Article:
Table 2 Negative symptom scores on the PANSS before and after therapy

Negative symptoms


Blunted affect 5

Emotional withdrawal 4

Poor rapport 3

Passive/apathetic social withdrawal 4

Difficulty in abstract thinking 2

Lack of spontaneity and flow of conversation 3

Stereotyped thinking 2

spontaneous conversation but she was able to endure silences more and tried to put less pressure on herself, which helped her to not freeze up as much as she used to. This also led to some correcting experiences in which she succeeded to make conversation in a more relaxed way.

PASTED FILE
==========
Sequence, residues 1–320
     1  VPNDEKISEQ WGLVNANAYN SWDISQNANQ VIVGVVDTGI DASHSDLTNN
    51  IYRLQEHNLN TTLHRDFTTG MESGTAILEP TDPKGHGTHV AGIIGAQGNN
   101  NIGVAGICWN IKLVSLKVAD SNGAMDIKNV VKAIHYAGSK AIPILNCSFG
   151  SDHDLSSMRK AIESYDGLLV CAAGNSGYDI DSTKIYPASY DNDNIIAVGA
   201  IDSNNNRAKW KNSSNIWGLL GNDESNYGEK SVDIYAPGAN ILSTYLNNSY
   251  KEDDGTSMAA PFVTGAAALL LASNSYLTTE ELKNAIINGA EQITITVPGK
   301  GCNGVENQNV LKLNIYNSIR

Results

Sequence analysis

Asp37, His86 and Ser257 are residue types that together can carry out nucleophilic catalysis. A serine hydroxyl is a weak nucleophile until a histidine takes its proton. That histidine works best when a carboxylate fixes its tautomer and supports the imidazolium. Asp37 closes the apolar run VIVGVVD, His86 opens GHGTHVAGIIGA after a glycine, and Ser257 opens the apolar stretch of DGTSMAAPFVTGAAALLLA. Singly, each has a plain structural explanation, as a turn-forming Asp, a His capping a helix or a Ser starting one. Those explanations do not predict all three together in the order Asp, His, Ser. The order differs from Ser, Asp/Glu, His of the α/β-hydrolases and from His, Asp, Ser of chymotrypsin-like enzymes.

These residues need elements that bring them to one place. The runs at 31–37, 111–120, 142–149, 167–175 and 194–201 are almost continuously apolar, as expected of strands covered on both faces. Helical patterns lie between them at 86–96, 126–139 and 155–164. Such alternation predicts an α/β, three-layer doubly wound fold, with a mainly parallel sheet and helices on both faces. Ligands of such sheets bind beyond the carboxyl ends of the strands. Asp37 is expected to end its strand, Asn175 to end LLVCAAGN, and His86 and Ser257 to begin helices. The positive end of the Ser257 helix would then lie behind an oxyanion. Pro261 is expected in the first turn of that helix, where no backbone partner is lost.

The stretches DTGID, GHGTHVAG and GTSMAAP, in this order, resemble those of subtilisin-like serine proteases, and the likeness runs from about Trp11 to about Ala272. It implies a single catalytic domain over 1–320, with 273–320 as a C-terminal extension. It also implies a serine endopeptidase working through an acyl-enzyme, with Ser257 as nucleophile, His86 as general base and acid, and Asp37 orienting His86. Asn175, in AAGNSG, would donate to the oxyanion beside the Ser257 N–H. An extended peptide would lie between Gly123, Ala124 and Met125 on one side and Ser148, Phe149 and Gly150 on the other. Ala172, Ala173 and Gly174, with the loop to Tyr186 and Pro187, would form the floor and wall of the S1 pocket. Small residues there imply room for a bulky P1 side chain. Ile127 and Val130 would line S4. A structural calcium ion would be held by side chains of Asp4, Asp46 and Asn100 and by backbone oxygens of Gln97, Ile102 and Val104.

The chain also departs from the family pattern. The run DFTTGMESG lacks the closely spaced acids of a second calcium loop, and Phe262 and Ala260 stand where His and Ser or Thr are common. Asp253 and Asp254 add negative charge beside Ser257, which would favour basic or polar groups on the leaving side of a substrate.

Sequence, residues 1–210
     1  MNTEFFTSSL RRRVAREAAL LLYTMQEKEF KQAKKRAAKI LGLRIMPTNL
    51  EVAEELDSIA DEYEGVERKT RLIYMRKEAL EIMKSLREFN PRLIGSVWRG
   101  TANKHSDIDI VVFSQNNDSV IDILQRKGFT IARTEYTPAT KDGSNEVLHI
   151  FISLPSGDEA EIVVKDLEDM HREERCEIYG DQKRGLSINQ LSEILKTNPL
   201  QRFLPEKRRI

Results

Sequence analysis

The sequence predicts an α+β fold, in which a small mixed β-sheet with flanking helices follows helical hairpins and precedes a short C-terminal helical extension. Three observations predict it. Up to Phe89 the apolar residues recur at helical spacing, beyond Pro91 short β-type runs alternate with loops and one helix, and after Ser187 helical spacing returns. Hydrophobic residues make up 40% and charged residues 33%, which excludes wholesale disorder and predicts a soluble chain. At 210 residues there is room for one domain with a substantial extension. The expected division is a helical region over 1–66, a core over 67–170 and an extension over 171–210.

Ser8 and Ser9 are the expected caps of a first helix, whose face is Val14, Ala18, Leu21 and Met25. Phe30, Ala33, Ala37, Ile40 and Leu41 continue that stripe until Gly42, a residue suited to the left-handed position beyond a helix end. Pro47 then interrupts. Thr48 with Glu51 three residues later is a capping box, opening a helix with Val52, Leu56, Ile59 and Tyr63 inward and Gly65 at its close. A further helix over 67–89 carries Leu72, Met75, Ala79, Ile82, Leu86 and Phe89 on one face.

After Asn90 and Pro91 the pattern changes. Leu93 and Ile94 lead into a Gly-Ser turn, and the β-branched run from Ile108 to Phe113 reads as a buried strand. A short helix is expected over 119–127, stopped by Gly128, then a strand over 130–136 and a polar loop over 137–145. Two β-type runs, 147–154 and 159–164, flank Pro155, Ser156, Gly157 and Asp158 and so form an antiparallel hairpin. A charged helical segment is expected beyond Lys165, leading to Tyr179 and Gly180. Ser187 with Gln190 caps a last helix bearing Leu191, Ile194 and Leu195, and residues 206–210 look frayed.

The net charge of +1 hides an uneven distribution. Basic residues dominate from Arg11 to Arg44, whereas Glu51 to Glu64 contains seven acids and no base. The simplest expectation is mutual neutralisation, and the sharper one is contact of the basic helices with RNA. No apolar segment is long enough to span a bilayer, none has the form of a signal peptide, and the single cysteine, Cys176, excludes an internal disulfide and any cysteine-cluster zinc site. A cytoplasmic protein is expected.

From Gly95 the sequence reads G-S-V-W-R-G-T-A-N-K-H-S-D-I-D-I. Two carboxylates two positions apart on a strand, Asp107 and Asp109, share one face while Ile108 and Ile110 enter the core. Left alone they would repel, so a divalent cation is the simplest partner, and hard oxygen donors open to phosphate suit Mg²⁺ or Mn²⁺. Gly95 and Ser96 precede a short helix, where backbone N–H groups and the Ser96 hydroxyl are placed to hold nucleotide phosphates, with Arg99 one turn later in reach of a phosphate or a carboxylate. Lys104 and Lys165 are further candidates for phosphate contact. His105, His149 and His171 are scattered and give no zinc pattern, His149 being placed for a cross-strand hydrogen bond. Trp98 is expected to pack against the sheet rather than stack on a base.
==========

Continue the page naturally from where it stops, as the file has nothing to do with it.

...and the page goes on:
These improvements of negative symptoms may be a result of the improvements in metacognition; Ann gained a better sense and awareness of her own internal states and this seemed to lead to a richer internal experience (she reported having more thoughts and feelings than before therapy). With a more complex representation of herself and a better understanding that there are multiple ways to interpret a social situation, Ann could make more sense of social interactions and her own thoughts and emotions in these situations. This increased awareness enabled her to adjust her behavior flexibly, leading to more preferable social scenarios than before (e.g. inviting others over instead of retracting, starting a conversation with others).